(PDF of original post on Rue Morgue Magazine on May 27, 2015 Rue Morgue | Sinister Seven: GLOOMCOOKIE creator Serena Valentino)
Monsters under the bed, gargoyles, living wax statues and really bad goth poets all contribute to the dark charm of author Serena Valentino’s impressive graphic novel library. The author of the six-part goth subculture comic GLOOMCOOKIE and the horror fantasy collection NIGHTMARES AND FAIRY TALES has become a powerful presence in the realm of horror comics thanks to her ability to combine mythos and historical terror into unique and compelling stories.
Valentino has also been working on young adult novels for Disney Press, taking the perspective of our favorite Disney villains to tell their side of the story, including Snow White’s Wicked Queen in FAIREST OF ALL (2009) and Ursula from The Little Mermaid in the upcoming POOR UNFORTUNATE SOUL.
With the launch of her self-publishing press The Fearsome Library, Valentino has made it even easier for fans to get lost in the worlds she creates – a monthly subscription-based service keeps her readers up to speed while allowing them access to exclusive short stories and sneak peeks at future works, including the historical mystery HELL’S CAFE or the nightmarish tale of TERATOPIA (both of which are yet to be released).
Valentino is currently working on launching a crowdfunding campaign for a special hardcover anniversary edition of GLOOMCOOKIE, but she took a break to chat with us in a Sinister Seven interview about her inspirations, aspirations, launching a self-publishing library and keeping things on the dark side.
You seem to draw inspiration from all over the place; tell us about a few of your most important inspirations.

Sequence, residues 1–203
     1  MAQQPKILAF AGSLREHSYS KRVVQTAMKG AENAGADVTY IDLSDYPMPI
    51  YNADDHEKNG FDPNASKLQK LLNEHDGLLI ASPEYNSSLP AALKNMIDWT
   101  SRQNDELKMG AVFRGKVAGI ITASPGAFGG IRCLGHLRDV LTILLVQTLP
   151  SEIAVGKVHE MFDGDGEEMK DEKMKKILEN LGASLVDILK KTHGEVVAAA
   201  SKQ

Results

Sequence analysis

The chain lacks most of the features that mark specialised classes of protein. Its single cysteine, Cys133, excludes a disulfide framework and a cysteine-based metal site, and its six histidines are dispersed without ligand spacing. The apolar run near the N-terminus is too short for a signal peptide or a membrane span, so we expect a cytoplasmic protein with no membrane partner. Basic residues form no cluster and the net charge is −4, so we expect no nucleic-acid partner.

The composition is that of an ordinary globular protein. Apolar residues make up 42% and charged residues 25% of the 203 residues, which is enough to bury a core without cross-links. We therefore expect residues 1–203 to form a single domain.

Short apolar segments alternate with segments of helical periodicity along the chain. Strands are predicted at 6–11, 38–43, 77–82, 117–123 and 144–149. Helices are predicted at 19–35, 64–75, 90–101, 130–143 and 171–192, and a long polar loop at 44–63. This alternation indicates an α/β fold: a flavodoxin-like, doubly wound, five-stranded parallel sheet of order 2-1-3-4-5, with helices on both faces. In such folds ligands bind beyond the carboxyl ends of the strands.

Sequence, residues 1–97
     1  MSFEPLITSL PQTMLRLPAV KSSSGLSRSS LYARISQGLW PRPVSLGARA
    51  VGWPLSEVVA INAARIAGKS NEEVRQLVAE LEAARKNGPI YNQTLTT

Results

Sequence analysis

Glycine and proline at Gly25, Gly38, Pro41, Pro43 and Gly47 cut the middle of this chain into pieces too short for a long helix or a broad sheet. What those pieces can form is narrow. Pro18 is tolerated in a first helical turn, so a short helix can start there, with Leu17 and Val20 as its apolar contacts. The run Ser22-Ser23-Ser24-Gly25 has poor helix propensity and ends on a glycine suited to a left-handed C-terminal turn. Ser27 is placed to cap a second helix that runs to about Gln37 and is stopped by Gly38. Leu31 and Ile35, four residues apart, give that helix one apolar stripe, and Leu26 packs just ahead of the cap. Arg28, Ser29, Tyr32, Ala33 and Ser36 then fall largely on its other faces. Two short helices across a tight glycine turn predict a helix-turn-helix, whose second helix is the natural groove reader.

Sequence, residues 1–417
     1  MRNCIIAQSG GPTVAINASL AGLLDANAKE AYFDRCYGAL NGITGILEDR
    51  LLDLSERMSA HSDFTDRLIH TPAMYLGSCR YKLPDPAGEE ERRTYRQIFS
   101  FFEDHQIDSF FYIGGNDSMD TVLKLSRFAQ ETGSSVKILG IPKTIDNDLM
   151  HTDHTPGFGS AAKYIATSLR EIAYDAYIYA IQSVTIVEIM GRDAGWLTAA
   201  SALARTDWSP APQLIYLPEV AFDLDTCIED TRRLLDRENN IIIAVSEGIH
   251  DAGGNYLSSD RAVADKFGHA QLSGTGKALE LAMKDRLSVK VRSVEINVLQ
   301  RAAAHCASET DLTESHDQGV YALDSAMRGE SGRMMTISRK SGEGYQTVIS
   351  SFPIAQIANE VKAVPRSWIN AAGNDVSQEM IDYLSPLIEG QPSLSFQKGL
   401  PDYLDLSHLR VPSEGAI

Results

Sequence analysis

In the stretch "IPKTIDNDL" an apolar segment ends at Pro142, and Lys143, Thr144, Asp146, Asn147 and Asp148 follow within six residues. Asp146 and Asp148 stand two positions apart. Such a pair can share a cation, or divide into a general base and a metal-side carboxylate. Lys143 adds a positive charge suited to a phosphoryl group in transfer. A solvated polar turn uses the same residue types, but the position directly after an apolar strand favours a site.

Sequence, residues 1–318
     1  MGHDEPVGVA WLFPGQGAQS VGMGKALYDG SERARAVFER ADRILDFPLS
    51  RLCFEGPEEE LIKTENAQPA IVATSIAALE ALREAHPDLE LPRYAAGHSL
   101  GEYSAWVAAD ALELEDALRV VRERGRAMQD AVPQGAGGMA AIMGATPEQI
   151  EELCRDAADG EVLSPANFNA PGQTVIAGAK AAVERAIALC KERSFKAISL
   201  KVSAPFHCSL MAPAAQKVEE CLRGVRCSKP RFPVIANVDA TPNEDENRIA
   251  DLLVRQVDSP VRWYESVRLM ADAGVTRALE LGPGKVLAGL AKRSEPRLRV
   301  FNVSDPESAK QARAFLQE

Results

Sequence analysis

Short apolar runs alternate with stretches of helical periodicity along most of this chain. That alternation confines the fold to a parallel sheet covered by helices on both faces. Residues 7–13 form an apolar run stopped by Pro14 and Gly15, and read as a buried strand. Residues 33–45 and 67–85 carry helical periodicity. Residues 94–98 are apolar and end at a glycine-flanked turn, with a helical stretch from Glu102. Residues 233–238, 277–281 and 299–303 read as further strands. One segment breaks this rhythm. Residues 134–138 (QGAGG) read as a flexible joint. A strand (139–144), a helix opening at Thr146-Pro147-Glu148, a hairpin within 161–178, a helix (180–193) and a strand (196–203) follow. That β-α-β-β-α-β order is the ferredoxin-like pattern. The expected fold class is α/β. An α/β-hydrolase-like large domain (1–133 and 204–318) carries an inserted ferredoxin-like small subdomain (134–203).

I’m extraordinarily inspired by historical figures and events, and intriguing people of note, like Count St. Germain, Delphine Lalaurie, Gilles de Rais, Nikola Tesla, and other people of interest, and they have found their way into my writing much like the fairytale characters have. There are mythos surrounding these people, which I’m exceedingly inspired by, and I think that plays a part in my interest in exploring these people and bringing them into these worlds I’m creating.
Lately you have left the darker side of writing and moved more to the Disney side of things; what made you move in that direction?
I wouldn’t say I’ve left the darker side of things, though I see how one could make that assumption. The stories I write for Disney are very dark, and sometimes rather violent, and they address similar themes to those of my other stories. It’s funny, actually; I’ve been criticized for making my Disney books too dark, not by Disney, mind you – they love the work I’m doing – but some of the readers felt I made the Beast in THE BEAST WITHIN too evil and irredeemable. Though I think those are the readers not previously acquainted with my other work, or acquainted with the fact that fairy tales, from their inception, were meant to be dark. It’s not surprising those are the very virtues most of my readers new and old alike love about the series; they love the opportunity to see the darker side of theses tales, and to see how I explore these characters. I don’t think I will ever find myself straying away from darker storytelling. I’ve been hardwired with the desire to do so since I was a wee child watching Hammer Films and TWILIGHT ZONE with my father. My new work on HELL’S CAFE (for example) with Pablo Santander has taken a decidedly darker turn than any of my previous work, and I’m looking forward to sharing that with my readers in the very near future.